Insurance Law Specialists
Denning Insurance Law lawyers are experts in Australian insurance law. In fact, we have a well-earned reputation for excellence in all areas of insurance law working with people and businesses… never insurers.
Our expertise means we are well positioned to deliver proactive advice (both corporate advisory and regulatory), claims initiation and management, litigation, claims defence, insurance disputes and insurance recovery. We are always mindful of your internal strategies and ensure that we treat your matter with our personalised attention.
We Work For You
As insurance lawyers we work for you – people and businesses – but never for insurers. That means we have full focus on your case, always.
Detailed Scope of Work
It’s important to understand how a lawyer will assist you with a difficult situation. For every new client, we provide a comprehensive scope of work which outlines in simple terms what we will do to help you navigate the legal process.
Our Insurance Expertise
With over 20 years working in top tier firms, middle-tier niche firms and boutique firms, we have the full range of insurance expertise at our fingertips.
Our Insurance Services
We’re Here to Help
No matter what your specific situation, when you engage Denning Insurance Law for your insurance matter you get our top tier firm experience, backed by our boutique firm personal approach. We’re here to help.
Our Frequently Asked Questions for Insurance Law
Within Australia, there are three key regulators. These are: the Australian Financial Complaints Authority (AFCA) (formerly the Financial Ombudsman Service); the Australian Prudential Regulation Authority (APRA); and, the Australian Securities and Investments Commission (ASIC).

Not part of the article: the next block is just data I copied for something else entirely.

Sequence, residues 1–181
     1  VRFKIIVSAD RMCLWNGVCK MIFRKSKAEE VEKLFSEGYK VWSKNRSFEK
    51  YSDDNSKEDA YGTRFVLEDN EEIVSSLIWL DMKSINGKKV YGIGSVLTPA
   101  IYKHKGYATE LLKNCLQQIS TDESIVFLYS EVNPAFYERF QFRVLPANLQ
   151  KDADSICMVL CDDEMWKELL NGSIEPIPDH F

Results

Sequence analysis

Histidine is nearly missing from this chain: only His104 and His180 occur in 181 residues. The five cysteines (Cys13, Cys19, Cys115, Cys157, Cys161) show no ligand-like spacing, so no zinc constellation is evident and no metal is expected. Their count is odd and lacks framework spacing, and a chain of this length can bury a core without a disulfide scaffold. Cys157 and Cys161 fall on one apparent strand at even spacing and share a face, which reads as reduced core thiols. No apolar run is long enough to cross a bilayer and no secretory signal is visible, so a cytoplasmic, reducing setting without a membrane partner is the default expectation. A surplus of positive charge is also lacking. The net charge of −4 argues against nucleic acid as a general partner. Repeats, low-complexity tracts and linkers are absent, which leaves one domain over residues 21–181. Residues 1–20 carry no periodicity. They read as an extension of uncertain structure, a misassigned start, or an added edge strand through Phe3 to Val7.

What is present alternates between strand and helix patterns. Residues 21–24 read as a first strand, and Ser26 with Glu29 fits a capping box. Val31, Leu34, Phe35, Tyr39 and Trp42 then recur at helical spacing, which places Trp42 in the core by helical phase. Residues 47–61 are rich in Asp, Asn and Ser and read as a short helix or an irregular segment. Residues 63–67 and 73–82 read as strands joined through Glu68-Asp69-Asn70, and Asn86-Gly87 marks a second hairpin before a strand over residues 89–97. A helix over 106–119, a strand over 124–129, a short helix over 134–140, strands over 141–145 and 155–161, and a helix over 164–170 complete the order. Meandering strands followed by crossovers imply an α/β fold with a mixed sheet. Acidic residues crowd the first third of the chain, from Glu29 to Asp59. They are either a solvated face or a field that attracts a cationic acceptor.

AFCA is the main dispute resolution body for the Australian financial system and provides an external dispute resolution service for members of the scheme. It deals with complaints by individual insureds against insurers or their brokers, which are within its terms of reference. The decisions of AFCA are binding on insurers.
APRA is the prudential regulator, which essentially means that they are responsible for the general administration of the current Insurance Act. They have the authority to set prudential standards for the entire general insurance industry. There has also been a framework developed that holds all of the prudential standards and practice guidelines. APRA deals with systemic matters at an institutional level and licenses insurance business to operate in Australia.
ASIC is the corporate regulator. They are in charge of the general administration of the Insurance Contracts Act and are also responsible for looking over and promoting the integrity of the market. They are also responsible for ensuring that consumers are protected properly.
We sit down with all of our new clients and ensure that we provide a thorough scope of work that clearly explains what we are going to do throughout the legal process and how we will help. Our process is tailored to each individual to ensure we are delivering the best possible result.